For me this is the draw of the book. Like Sophia, I have not led the straight and narrow path. Neither has Oprah or a lot of other “girl bosses.” Sophia makes it clear from jump she never intended to start Nasty Gal as this massive business that would make her rich. All the missteps she took certainly didn’t indicate she’d land on Forbes and Inc’s top lists of the year. She owns her weirdness. Her honesty about being an introvert, sarcastic, a reformed thief and her success kind of just happening unintentionally is refreshing.
2. All the ladies who’re independent, throw your hands up at me
The chick is a real self-made millionaire. To grow a business that pulls in over $100 million annually in seven years is major. To do so without any debt is something of a miracle. She never borrowed one dime from the bank to finance her business. Investors didn’t come calling until she’d already made mad money. Sophia really did make an empire with her own sweat and tears. I doubt any blood was shed.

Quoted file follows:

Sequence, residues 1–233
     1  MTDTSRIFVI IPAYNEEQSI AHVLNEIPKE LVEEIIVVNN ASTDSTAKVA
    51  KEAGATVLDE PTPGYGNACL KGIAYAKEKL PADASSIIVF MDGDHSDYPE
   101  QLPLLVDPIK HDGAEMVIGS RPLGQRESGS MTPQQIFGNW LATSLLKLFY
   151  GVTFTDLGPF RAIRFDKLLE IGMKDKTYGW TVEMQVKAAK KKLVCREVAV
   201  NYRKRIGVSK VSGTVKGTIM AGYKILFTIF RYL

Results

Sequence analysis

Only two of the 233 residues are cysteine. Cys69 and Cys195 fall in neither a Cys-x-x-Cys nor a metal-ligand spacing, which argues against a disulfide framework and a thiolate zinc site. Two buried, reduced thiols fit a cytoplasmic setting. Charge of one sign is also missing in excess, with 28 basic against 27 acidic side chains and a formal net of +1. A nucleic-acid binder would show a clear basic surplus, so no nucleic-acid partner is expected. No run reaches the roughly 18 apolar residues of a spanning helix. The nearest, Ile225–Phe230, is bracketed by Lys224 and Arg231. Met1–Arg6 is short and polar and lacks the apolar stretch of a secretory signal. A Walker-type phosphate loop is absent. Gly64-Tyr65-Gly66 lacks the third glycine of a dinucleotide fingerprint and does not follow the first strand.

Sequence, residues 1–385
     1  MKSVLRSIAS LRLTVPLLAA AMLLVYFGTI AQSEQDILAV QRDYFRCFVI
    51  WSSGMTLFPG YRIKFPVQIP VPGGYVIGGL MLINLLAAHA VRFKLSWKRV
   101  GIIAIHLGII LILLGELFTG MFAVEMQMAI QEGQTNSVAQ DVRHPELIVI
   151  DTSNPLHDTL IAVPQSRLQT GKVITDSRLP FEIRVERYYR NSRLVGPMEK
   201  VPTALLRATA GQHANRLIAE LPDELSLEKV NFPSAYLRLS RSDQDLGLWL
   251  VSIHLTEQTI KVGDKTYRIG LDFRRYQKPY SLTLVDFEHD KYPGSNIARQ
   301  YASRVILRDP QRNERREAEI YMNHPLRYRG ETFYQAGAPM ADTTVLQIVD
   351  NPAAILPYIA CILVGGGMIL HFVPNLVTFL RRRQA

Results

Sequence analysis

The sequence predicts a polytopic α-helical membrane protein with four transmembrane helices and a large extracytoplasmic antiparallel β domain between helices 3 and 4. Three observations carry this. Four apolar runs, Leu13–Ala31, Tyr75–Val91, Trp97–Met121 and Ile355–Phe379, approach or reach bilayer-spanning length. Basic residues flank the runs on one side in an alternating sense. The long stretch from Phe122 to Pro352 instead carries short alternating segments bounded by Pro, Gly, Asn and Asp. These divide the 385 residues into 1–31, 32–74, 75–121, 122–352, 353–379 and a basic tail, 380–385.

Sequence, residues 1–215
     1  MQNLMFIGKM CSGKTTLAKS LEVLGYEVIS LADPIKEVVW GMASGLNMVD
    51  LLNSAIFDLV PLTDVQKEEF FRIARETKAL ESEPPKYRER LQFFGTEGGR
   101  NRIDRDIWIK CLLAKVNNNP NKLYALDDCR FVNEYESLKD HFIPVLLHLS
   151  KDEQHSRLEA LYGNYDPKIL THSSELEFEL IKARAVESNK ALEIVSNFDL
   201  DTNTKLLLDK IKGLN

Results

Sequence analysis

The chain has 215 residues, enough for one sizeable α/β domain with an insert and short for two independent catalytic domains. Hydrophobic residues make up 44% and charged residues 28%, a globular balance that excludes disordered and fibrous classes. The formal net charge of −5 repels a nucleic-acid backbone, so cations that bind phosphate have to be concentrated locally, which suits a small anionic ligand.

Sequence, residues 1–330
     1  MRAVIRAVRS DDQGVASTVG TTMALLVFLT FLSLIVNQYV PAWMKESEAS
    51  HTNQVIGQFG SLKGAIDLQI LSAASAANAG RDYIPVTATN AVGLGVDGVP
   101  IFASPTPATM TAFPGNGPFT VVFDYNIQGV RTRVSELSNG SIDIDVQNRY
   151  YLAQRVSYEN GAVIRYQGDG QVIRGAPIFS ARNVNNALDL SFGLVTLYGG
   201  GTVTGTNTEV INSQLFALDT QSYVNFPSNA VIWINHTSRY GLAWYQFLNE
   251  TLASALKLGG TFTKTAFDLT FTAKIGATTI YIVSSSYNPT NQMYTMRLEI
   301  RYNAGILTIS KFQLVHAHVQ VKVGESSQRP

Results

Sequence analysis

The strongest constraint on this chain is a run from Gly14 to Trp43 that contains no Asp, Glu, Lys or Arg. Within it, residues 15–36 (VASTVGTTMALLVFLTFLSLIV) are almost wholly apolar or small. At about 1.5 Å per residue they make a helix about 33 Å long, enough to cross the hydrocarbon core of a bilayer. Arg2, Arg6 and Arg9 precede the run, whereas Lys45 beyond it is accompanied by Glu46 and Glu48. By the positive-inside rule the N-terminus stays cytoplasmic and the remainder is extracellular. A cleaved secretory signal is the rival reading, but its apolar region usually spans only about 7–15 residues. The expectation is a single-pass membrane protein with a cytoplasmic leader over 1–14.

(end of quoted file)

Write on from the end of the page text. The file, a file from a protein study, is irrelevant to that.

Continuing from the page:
3. “Stay humble, but let these n*ggas know”
No, this white girl didn’t say that or anything remotely close. But the popularly quoted IG post applies here. I have no clue if she’s humble in real life, but I didn’t get a lot of boasting from #GIRLBOSS. I did get from it that she knows what she’s accomplished and is damn proud of it. There were times she would let you know flatly: I’m a “bad bitch” (yes, she uses that phrase quite a few times), I did this while living in a Bay area apartment full of thrown out furniture and now I’m running shit. I’m not mad at that.
4. If you don’t do anything else in life, be your freaking self